Stream/ Subject
Global History and Ideas
Understanding Social Life
Technology and Media
Communication and Leadership
Method of Work & Assessment
Individual and Collaborative
Year 1
Term 1 (13 Weeks + 2 Study Weeks + 1 Week Break)
Global History- Pre-Modern
Introduction to Social Inquiry
1. History of Media
2. Movie Making Techniques - Practical
Creative Writing  I – Plot, Structure and Character
Term 2 (13 weeks + 2 Study Weeks + 1 Week Break)
Modern History
Introduction to Economics and Psychology
1. Understanding The Web
2. Movie Editing & Production
Creative Writing II – Writing a Film Script
Term 3 (13 Weeks + 2 Study Weeks + 1 Week Break)
Man & Society - Introduction to Political Philosophy
Social Research Methods
Film Making Project
Promotion Campaign for The Film Project - Web and Social Media

Year 2
Term 1 (13 Weeks + 2 Study Weeks + 1 Week Break)
Everyday Ethics
Introduction to Social Psychology
Web & Multimedia Development
Intercultural Communication
Term 2 (13 weeks + 2 Study Weeks + 1 Week Break)
Understanding Religion and Social Behaviour
Psychology of Influence and Persuasion
Understanding Social Media and Developing Social Presence
Great Writer Project - Appreciation of the work of one major modern writer
Term 3 (13 Weeks + 2 Study Weeks + 1 Week Break)
Asian History and Culture (in Asia)
Behavioral Economics AND
Organisational Behaviour
Creating Integrated Media Campaigns
Leadership Biographies - Analysis of Leadership Skills and Contexts

Year 3 – Specialist Year
B Sc (Hons)
Marketing AND Comms
Learning & Development
Multimedia Journalism
Communication (Common)
Term 1 (13 Weeks + 2 Study Weeks + 1 Week Break)
1. Business Environment & Strategy
2. Principles of Marketing
1. Organizational Development 2. Innovation and Change Management
1. Understanding Media
2. Principles of Communication
Business Project Placement
Term 2 (13 weeks + 2 Study Weeks + 1 Week Break)
1. Marketing Planning & Strategy
2. Market Research
3. Marketing Communication
1. Learning Technology Appreciation
2. Assessment Methods and Return on Learning
1. Print and TV Journalism
2. Multimedia Journalism
Business Project Placement
Term 3 (13 Weeks + 2 Study Weeks + 1 Week Break)
Project Management
Project Management
Project Management
Business Project Placement

Teaching Method

In keeping with the stated objective of the curriculum, that it should prepare the learners with forward-looking skills and abilities, the teaching of Applied Humanities should, at all times, encourage learners taking the lead on learning and teachers acting as facilitators and guides. All classes should be of a small size, and learners are to be provided with learning plans and all learning materials beforehand. The interactions in the classroom will presuppose learners’ prior knowledge of a given topic, and are to be constructed around short lectures, demonstrations and learner activities, such as presentations and debates. The assessments will be structured around continuous assessment, based on projects that learners complete or the essays they submit on an ongoing basis. In some papers, there may be a term end examination. Some of the activities and papers could be peer assessed.

Teaching Materials

A combination of textbooks and original texts will be used to cover the subjects mentioned. Learners will be encouraged to read widely and participate in research activities. Online journal use, multimedia assessment submissions and collaborative work (in most cases) should be encouraged.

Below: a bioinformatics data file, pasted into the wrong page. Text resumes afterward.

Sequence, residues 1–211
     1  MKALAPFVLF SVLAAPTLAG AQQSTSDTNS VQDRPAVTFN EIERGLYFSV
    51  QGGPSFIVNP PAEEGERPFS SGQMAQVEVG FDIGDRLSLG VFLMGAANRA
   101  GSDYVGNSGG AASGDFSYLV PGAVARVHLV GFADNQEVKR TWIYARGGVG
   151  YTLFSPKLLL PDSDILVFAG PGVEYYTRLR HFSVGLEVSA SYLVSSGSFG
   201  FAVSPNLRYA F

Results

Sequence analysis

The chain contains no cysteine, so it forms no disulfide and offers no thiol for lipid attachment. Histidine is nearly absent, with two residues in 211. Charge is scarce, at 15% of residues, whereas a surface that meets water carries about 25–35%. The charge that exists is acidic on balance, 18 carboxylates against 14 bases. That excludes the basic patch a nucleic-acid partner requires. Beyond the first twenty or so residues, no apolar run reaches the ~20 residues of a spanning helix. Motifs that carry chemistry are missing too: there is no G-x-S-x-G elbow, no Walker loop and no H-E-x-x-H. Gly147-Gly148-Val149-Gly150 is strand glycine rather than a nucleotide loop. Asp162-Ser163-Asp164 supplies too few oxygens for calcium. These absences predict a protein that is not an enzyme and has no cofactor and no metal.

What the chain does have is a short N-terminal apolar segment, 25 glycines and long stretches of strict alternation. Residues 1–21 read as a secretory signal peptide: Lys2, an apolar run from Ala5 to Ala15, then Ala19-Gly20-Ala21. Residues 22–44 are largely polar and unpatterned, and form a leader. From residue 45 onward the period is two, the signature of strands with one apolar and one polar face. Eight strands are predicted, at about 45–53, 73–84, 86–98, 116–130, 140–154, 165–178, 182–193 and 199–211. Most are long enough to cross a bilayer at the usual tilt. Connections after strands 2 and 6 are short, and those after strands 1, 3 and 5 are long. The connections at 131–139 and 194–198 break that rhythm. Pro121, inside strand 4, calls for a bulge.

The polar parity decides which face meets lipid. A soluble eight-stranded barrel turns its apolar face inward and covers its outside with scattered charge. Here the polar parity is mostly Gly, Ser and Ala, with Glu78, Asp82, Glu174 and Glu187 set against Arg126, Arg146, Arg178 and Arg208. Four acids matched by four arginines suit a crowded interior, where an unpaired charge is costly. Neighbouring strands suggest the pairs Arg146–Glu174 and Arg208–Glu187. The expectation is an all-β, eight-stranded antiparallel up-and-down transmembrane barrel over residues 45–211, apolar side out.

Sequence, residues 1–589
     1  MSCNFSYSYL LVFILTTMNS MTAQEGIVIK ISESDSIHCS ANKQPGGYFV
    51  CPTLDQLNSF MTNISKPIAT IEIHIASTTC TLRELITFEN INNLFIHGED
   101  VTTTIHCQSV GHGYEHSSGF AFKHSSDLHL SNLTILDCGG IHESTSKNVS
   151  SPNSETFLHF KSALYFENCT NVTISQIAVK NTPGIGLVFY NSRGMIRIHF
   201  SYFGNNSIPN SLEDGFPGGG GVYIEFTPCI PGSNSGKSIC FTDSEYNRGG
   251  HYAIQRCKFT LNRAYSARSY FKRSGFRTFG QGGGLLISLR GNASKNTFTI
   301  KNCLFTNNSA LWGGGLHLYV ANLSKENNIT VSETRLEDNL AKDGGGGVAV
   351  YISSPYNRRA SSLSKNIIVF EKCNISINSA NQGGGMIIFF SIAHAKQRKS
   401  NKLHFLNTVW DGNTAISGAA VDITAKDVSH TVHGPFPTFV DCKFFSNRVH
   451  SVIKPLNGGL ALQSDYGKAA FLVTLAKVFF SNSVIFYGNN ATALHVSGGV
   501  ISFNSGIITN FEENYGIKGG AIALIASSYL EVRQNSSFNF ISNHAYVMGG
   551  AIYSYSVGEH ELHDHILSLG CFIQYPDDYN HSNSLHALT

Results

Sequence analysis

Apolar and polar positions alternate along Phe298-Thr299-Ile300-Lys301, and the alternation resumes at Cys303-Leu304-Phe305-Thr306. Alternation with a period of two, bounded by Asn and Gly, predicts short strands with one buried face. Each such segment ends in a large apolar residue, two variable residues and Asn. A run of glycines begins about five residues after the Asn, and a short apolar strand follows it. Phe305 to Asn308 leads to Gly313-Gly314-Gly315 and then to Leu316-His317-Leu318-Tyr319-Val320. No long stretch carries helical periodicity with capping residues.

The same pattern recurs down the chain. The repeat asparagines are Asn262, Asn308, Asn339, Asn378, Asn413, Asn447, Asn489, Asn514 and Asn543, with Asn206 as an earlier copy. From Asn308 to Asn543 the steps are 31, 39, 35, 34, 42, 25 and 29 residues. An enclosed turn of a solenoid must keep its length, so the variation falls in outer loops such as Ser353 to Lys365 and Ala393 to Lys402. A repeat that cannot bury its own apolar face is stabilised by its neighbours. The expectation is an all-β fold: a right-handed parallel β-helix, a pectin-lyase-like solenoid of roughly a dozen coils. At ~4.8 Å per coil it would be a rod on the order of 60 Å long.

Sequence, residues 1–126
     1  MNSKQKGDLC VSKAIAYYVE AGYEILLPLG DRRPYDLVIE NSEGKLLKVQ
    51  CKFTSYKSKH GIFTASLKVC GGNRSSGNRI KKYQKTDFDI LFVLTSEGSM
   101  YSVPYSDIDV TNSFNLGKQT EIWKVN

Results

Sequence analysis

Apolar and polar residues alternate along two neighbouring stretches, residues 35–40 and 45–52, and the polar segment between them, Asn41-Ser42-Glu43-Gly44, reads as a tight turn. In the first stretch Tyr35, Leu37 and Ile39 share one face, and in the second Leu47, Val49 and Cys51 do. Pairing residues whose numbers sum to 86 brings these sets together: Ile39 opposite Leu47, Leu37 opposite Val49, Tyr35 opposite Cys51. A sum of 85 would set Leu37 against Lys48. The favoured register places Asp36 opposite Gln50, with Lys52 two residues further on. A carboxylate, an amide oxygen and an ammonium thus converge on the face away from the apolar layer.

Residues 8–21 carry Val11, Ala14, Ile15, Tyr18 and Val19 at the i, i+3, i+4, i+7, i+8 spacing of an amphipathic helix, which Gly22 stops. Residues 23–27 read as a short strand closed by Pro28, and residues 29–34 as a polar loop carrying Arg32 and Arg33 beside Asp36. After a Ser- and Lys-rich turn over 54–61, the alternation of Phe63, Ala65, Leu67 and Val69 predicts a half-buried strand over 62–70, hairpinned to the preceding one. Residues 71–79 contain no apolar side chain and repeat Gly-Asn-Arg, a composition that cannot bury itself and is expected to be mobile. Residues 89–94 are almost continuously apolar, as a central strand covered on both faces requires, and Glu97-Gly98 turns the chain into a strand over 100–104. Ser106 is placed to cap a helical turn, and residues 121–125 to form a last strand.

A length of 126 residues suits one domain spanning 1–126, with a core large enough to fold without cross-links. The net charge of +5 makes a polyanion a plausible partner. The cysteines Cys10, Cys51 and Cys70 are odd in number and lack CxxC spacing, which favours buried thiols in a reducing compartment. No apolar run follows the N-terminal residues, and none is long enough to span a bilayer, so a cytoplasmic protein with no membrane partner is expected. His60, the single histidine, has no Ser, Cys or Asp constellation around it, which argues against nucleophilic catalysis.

Project Work

The learners will be expected to submit three major pieces of Project Work, all of which should be mandatory, should be assessed and count towards credit.

In the first year, they would submit a movie, either a documentary or a short feature, by working as a production team and dividing the tasks between themselves, with a tutor acting as a Coach/ Guide and offering Directorial assistance. 

In the second year, the same teams will be expected to work on integrated media campaigns to promote the film project in real life, exploring different channels, securing crowdfunding and distribution deals if needed.

In the third year, the learners will be expected to complete a Business Project through placement, outcomes for which will be pre-agreed with the employers (this will not be an internship making tea).

The Outreach Programme

One feature of this plan for Applied Humanities is to develop an extensive Outreach programme alongside the undergraduate offering, using technology-based communities (facilitated, as often as possible, by undergraduate students), offering the High School students a humanities-based option to develop employability and leadership skills. This will take the form of a two-year long programme of learning great texts, developing argument and presentation skills and engaging in social work, around a membership community, which will be maintained online and offline. This should help spread the message of Applied Humanities around and draw brighter students to pursue this career path.

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How To Live

"Far better it is to dare mighty things, to win glorious triumphs even though checkered by failure, than to rank with those poor spirits who neither enjoy nor suffer much because they live in the grey twilight that knows neither victory nor defeat."

- Theodore Roosevelt

Last Words

We shall not cease from exploration
And the end of all our exploring
Will be to arrive where we started
And know the place for the first time.

- T S Eliot